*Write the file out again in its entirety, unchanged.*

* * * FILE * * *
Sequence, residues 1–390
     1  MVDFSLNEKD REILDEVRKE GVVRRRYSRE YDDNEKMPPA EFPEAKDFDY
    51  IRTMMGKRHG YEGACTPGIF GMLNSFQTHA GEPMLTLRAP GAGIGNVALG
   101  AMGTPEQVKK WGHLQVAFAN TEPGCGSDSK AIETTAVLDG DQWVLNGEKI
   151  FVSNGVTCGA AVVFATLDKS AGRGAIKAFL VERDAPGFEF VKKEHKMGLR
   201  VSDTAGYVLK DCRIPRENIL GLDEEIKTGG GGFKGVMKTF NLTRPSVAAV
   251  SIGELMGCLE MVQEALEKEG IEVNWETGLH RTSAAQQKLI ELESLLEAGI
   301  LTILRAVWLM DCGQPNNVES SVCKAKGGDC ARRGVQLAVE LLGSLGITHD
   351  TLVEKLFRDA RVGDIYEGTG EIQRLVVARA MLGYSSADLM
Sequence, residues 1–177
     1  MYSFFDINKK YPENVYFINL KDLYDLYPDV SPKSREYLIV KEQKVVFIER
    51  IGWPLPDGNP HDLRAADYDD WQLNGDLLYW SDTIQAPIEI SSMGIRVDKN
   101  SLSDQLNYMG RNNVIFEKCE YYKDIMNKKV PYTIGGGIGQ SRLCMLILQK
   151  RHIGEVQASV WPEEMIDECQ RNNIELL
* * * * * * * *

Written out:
Sequence, residues 1–390
     1  MVDFSLNEKD REILDEVRKE GVVRRRYSRE YDDNEKMPPA EFPEAKDFDY
    51  IRTMMGKRHG YEGACTPGIF GMLNSFQTHA GEPMLTLRAP GAGIGNVALG
   101  AMGTPEQVKK WGHLQVAFAN TEPGCGSDSK AIETTAVLDG DQWVLNGEKI
   151  FVSNGVTCGA AVVFATLDKS AGRGAIKAFL VERDAPGFEF VKKEHKMGLR
   201  VSDTAGYVLK DCRIPRENIL GLDEEIKTGG GGFKGVMKTF NLTRPSVAAV
   251  SIGELMGCLE MVQEALEKEG IEVNWETGLH RTSAAQQKLI ELESLLEAGI
   301  LTILRAVWLM DCGQPNNVES SVCKAKGGDC ARRGVQLAVE LLGSLGITHD
   351  TLVEKLFRDA RVGDIYEGTG EIQRLVVARA MLGYSSADLM
Sequence, residues 1–177
     1  MYSFFDINKK YPENVYFINL KDLYDLYPDV SPKSREYLIV KEQKVVFIER
    51  IGWPLPDGNP HDLRAADYDD WQLNGDLLYW SDTIQAPIEI SSMGIRVDKN
   101  SLSDQLNYMG RNNVIFEKCE YYKDIMNKKV PYTIGGGIGQ SRLCMLILQK
   151  RHIGEVQASV WPEEMIDECQ RNNIELL